Information Technologies

Glovo 2.0

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The last-mile food-delivery market is on the rise. The trend is clear: every day, more people are using apps to buy things and order food from their mobile phone. Local restaurants and other businesses have seen an opportunity to sell their products and services to a market that, until recently, was unattainable. More and more competitors have entered this sector but only a few survive for long. Relying on a competitive business model seems to be one of the key ingredients to do so. This case study analyzes the changes that Glovo made to its business model between the summer of 2016 and December 2017 under the leadership of Oscar Pierre, the founder and CEO of the Barcelona-based company. The case starts with a diagnosis of the situation in the company in April 2016, when it entered a period of stagnation that lasted for several months. Then the case analyzes the changes made to the business model and, at the end, it shows how the company's results changed, possibly as a consequence of those changes to the model. Glovo was facing a challenging situation in the late summer of 2016. After more than a year of activity, the company's growth was no longer satisfactory. The company was moving away from the break-even point and was not expanding its user base as quickly as predicted in the business plan (and as promised to its current investors). The future of the company was uncertain. However, a year later, in September 2017, Glovo closed a funding round of €30 million and was immersed in a very ambitious international expansion. The volume of operations had increased considerably and the company was growing in new geographical areas such as Latin America and the rest of Europe.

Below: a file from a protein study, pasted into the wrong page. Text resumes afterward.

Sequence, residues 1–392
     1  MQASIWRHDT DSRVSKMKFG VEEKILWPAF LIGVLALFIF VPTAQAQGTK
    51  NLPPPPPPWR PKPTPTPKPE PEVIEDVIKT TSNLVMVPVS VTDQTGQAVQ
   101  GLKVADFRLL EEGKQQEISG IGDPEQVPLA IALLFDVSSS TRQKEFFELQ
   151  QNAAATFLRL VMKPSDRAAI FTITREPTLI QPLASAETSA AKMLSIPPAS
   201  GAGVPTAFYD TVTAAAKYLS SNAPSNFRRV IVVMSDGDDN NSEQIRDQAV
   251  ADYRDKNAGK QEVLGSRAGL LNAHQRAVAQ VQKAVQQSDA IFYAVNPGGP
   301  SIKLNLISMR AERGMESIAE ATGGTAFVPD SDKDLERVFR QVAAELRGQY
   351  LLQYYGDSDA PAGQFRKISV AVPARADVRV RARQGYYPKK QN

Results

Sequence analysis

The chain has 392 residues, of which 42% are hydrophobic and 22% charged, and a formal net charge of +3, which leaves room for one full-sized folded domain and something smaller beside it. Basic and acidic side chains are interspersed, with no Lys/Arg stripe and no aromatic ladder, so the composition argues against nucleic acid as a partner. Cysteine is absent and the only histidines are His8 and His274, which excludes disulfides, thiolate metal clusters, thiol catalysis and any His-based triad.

Bibliographic citation: Ricart i Costa, Joan Enric; Tapia Pagès, Albert; Carenzo, Mathieu, "Glovo 2.0: Pivoting to a new Business Model", IESE, SM-1684-E, 07/2019
Date: 16/07/2019
Author(s): Ricart i Costa, Joan Enric; Tapia Pagès, Albert; Carenzo, Mathieu
Document type: Case
Editor(s): Cátedra Carl Schroeder de Dirección Estratégica
Department: Strategic Management
Languages: English

Learning objective This set of two case studies is designed to be used in courses on strategic management and business model innovation, as well as entrepreneurship courses. The two cases might be of special interest for MBA students and senior executives. The cases may also be useful for managers, especially those from companies involved in a transformation process sparked by the digital economy. The cases are very effective for students willing to analyze the growing process of a start-up trying to offer a competitive value proposition in a crowded market.